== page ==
I am very pleased to welcome Eliza Crewe to the blog today – I have not yet had a chance to read her novels, but I am very much looking forward to them and her story is interesting – originally with a publisher until they closed their doors, she had embarked on a mission to self publish, most especially for her readers who having read Book One were REALLY keen to read the follow up…
Eliza Crewe: The Path to Self-Publishing
I never planned to self-publish. I’d planned to go about publishing the tried-and-true route–get an agent, then a publishing deal, maybe sell a few international rights, publish the sequels, etc. Plod down the straight and narrow.
Instead my publishing path has been as warped as the morals of my people-eating monster MC.
The Plan: Get an Agent
The Reality: Accidentally sell book in India
I queried agents (a lot of agents) and bombed spectacularly. Every single agent rejected me, most (if not all–I blocked the memory) sent a form rejection. It wasn’t going so well.
Then, just by chance, a stranger in India read a version Cracked I posted to an online critique forum. He liked it, and is friends with an editor at Penguin’s Indian branch, so he forwarded it on to her. She emailed shortly thereafter and offered for Cracked’s Indian rights.
The Plan: Find a domestic publisher
The Reality: Find an agent
Months before anything happened with India, I had participated in an online competition called The Baker’s Dozen at Miss Snark’s First Victim’s blog. The Baker’s Dozen is a competition where agents bid to read pages on entries that they’re interested in (it happens every year, and is just about to start–so go check it out!). It doesn’t mean the winning agent will sign you, just that they’ll read a certain number of pages and consider the possibility. The agent who won my entry, Victoria Marini, was sort-of-maybe interested. She asked to see revisions, and I was waiting to see what she thought of those when India offered. Fortunately, the India offer tipped her over the edge, and she took me on.
The Plan: Sell international rights
The Reality: Sell domestic Rights
Since I already had an international deal, the next step was to find a domestic publisher. I was in an odd position in that Penguin India wanted to publish Cracked fast, as in, 6-months fast, (for comparison, most US publishers take at least two years to publish). PI was launching their first YA-only imprint in the spring and wanted Cracked to be an inaugural title. As a result, we needed to sell Cracked fast, preferably to a publisher with a short turn-around, so I wouldn’t be releasing book 3 in India before book 1 was ever released in the US.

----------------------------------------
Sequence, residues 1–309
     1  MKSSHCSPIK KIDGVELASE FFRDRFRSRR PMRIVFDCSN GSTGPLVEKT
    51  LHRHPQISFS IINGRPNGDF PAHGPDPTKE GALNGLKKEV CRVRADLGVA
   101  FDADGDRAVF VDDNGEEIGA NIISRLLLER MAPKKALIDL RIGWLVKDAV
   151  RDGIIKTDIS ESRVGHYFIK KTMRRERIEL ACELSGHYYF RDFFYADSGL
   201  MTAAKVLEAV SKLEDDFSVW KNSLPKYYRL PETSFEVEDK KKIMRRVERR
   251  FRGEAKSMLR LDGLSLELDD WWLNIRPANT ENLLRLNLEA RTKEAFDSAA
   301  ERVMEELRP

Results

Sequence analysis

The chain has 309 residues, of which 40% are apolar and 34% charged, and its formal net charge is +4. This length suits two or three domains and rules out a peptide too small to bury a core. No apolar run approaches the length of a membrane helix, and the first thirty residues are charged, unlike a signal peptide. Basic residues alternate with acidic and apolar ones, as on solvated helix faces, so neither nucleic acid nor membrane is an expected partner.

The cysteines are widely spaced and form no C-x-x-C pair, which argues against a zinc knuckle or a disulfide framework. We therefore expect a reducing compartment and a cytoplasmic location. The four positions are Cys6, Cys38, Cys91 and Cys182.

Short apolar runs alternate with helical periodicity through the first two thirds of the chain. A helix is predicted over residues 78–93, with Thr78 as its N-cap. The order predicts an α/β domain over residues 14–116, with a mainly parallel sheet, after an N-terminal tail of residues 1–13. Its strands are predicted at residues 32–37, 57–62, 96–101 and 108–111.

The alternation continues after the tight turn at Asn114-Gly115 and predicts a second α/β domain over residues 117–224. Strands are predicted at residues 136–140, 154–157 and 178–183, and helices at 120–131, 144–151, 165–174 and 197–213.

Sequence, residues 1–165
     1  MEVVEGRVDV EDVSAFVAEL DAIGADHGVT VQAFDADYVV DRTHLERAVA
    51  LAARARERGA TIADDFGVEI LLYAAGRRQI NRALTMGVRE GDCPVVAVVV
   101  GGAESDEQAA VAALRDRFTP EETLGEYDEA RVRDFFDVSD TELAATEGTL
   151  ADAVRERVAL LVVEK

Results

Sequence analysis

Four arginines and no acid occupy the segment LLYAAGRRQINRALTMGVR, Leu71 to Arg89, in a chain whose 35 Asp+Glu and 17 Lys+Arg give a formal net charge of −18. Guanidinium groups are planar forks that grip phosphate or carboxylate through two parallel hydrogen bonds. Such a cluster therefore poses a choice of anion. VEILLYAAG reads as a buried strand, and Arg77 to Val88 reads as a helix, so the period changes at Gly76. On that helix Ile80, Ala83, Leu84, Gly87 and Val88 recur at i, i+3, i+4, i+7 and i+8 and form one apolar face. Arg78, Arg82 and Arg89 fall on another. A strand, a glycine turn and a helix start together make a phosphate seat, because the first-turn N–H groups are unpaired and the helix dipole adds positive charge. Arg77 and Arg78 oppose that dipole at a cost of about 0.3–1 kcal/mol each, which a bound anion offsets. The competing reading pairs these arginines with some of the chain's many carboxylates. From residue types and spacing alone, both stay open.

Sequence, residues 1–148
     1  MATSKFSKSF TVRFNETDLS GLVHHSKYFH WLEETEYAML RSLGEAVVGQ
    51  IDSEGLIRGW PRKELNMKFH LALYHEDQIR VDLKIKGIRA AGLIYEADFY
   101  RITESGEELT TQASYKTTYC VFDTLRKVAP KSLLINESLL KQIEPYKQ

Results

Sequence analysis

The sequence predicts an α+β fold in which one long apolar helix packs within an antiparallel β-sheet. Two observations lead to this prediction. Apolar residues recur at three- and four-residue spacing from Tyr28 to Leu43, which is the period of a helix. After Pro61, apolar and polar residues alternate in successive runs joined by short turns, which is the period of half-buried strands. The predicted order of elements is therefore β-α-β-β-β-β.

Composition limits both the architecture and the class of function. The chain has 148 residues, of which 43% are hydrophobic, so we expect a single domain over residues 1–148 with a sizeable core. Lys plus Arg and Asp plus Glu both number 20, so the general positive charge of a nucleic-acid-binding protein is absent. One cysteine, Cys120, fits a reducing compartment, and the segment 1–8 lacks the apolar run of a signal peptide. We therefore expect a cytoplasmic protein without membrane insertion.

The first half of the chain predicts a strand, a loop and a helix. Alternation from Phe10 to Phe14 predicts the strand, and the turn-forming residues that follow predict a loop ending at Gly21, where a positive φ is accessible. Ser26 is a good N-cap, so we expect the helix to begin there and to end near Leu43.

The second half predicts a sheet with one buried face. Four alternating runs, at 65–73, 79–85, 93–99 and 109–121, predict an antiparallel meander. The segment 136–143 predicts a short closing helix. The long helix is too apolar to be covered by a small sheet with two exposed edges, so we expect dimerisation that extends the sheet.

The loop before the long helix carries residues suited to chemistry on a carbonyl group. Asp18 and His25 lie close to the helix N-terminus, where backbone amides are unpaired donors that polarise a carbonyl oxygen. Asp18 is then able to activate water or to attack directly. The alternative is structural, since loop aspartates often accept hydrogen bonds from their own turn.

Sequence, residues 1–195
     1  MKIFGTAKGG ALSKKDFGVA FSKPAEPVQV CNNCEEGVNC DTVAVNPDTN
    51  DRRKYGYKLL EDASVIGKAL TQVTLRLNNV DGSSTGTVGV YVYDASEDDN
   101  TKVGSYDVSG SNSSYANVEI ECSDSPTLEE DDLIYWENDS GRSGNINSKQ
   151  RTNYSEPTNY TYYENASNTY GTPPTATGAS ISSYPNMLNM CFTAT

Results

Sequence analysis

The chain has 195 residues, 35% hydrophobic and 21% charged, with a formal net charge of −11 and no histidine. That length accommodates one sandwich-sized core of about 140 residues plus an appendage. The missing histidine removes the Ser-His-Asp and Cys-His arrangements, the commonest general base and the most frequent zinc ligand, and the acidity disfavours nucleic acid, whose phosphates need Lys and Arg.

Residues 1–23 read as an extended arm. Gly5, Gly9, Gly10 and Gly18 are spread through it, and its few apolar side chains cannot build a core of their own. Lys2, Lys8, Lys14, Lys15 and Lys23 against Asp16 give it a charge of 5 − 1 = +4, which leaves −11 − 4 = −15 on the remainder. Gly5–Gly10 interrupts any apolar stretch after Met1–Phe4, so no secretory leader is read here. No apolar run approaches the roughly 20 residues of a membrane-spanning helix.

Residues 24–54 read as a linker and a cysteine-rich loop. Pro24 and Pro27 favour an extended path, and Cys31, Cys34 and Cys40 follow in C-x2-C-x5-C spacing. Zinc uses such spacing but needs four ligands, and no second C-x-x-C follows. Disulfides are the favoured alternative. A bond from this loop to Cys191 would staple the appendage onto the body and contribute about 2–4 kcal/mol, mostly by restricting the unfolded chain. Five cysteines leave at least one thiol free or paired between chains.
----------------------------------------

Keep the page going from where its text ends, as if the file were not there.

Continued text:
Fortunately we were able to sell the rest of Cracked’s rights to Strange Chemistry, the YA imprint of Sci-fi/Fantasy publisher Angry Robot, and they agreed to release it shortly after Penguin India.
The Plan: Smooth sailing–Fulfill my contract by traditionally publishing my series
The Reality: Up the creek without a paddle–Strange Chemistry folded
We signed in September of 2012 with Penguin, then October with Strange Chemistry. Cracked was released in India in April, then in November in the rest of the world. I turned in my drafts of the sequel, Crushed, and everything was going along swimmingly.
Until it wasn’t.
In June, about 6 weeks before Crushed was to be released, my agent called. An agent calling (at least my agent calling–we’re email people) is either very good, or very, very bad.
It wasn’t good.
I got the news that Strange Chemistry was closing their doors and Crushed wasn’t going to be released after all. I was left six weeks before the release with no publisher, and no rights to my own books. We had a reversion clause in the contract of course, but it didn’t cover every contingency (and took time to kick in), so things were really up in the air. We were told that I would at least get the rights to Crushed back, but the person who told us that no longer worked for the publisher, and we had nothing formal. And, even if I had the rights back to Crushed, I didn’t know if Angry Robot would keep selling Cracked. I could be publishing a sequel to a book that, for all intents and purposes, no longer existed. No answers were forthcoming, so we just had to…wait. Wait and see whether Crushed would ever see the light of day.
Finally, about two months after Strange Chemistry closed, and six weeks-ish after Crushed was supposed to be released, the reversions appeared in my inbox. I’m pretty sure I squealed.
Since my fans had already been waiting forever (and because I was paranoid something else would go wrong!), I gave myself three weeks to figure out the self-publishing game and get this bad boy out there.
There is certainly a learning curve to self-publishing. There are all different platforms, all different formats you need to use, different royalty rates and different requirements for different distributers. I’m still figuring it out, but fortunately, there are a lot of awesome people out there who have already done it and are willing to share their experiences. The writing community is full of awesome folks.
The Plan: Write books , Live Happily Ever After
The Reality: Done.
So far, my publishing story has been more of an adventure tale than a non-fiction anecdote, but that’s okay. Adventures have always been my favorite.
Thank you Eliza!
Find out more here: http://www.elizacrewe.com/
Follow her on Twitter here: https://twitter.com/ElizaCrewe
Happy Reading Folks!